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Researchers discover protein that indicates diabetes risk

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Researchers discover protein that indicates diabetes risk

Researchers at Lund University have discovered a new way to diagnose type 2 diabetes. According to a study published in the journal Cell Metabolism, a protein called SFRP4 can predict risk of diabetes many years before it is clinically manifest.

Diabetes mellitus is a metabolic disease characterized by high levels of glucose in the blood. Diabetes is asymptomatic for a long time, but after several years of development, diabetes can result in polyuria, polydipsia and polyphagia. These manifestations are due to increased levels of glucose that accumulate in the blood instead of entering the cells. Normally after food intake, glucose passes into the bloodstream from intestinal tract and then, passes into cells using insulin as transporter. If insulin is insufficient or if there is insulin resistance (obesity), glucose remains in the blood and so hyperglycemia occurs.

Blood samples

Blood samples

Hyperglycemia leads to serious complications. It can affect blood vessels, leading to kidney complications (diabetic nephropathy) and eye complications (diabetic blindness), or even diabetic acidosis. Finally diabetic coma occurs. Although diabetes is a disease that does not hurt, it is very important that this condition be diagnosed and treated properly.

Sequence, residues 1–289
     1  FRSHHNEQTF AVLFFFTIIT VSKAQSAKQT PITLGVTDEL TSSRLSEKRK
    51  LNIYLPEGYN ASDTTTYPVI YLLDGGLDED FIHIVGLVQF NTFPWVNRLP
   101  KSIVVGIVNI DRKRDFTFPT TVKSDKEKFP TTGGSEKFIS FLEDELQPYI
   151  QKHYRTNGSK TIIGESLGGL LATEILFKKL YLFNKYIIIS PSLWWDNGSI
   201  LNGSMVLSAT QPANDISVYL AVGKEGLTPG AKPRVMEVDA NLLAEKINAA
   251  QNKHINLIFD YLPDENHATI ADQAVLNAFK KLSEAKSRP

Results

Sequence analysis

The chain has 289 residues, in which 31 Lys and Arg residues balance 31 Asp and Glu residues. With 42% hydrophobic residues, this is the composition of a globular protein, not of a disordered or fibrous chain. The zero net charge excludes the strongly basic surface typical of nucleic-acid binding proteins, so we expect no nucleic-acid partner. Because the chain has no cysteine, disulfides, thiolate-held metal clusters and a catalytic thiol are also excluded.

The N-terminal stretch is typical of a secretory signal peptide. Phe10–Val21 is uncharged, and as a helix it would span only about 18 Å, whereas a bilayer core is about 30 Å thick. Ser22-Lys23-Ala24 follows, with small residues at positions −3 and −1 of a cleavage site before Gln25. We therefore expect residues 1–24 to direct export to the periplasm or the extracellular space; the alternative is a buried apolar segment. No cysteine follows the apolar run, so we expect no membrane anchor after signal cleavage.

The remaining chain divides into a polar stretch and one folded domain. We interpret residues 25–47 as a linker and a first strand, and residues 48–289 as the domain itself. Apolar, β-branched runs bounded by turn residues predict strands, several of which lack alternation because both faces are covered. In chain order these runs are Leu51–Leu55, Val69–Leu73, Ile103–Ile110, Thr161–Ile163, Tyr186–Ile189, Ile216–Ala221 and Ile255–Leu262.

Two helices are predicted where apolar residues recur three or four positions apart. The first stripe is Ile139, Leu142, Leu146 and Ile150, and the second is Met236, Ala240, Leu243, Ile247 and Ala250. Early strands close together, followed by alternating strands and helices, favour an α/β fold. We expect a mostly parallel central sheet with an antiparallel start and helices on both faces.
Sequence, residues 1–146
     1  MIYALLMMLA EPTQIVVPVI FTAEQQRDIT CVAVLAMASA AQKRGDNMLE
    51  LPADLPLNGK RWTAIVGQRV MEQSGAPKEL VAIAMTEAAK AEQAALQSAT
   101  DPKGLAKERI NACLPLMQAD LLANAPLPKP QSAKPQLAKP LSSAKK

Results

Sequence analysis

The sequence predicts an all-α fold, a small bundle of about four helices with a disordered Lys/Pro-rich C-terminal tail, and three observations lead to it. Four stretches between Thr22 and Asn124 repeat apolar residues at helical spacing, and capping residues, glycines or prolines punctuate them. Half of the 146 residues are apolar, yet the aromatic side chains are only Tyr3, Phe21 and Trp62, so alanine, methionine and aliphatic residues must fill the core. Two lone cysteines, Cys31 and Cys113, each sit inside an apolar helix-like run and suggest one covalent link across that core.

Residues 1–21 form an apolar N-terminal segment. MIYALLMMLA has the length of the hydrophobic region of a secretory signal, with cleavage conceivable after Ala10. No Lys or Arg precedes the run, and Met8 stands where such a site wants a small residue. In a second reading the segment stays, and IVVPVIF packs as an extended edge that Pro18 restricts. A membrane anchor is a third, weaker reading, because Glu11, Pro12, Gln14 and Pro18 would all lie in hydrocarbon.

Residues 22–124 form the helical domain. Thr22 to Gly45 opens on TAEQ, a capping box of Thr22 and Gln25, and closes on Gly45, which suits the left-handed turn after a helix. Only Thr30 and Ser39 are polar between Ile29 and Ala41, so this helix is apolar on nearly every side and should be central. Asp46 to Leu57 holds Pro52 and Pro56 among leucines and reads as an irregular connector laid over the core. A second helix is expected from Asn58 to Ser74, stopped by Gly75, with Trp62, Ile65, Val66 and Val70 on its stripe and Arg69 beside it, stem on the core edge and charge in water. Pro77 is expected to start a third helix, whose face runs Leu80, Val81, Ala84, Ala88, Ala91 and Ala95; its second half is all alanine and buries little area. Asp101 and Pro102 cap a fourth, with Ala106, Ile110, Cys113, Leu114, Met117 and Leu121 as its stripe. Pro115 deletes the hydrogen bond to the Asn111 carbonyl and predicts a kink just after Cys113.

Currently, type 2 diabetes is diagnosed using blood tests: measurement of blood glucose levels and glycosylated hemoglobin. But these tests diagnose diabetes when it is already installed.

The new test consists of measuring the SFRP4 that can predict diabetes several years before. Anders Rosengren, a researcher at the Lund University Diabetes Centre (LUDC), who has led the work on the risk marker, said the study showed that individuals with high levels of SFRP4 have a 5 times higher risk to develop diabetes in coming years.
SFRP4 is a protein with a role in inflammatory processes in the body. Researchers have realized the importance of this protein when they noticed that diabetic patients had increased levels of blood SFRP4. In diabetes pancreatic beta cells that secrete insulin have a chronic inflammatory process, which prevents them from producing insulin.

Taman Mahdi, main author of the study and one of the Researchers in Anders Rosengren’s group, said the SFRP 4 explains the link between inflammation and diabetes. SFRP Level 4 was measured in diabetics and non-diabetics every 3 years. It was found that 37% of those who initially had high levels of SFRP4 developed diabetes while only 9% of those with low levels of SFRP4 made diabetes. Researchers are now confident that they can develop a new treatment for diabetes by blocking protein SFRP4.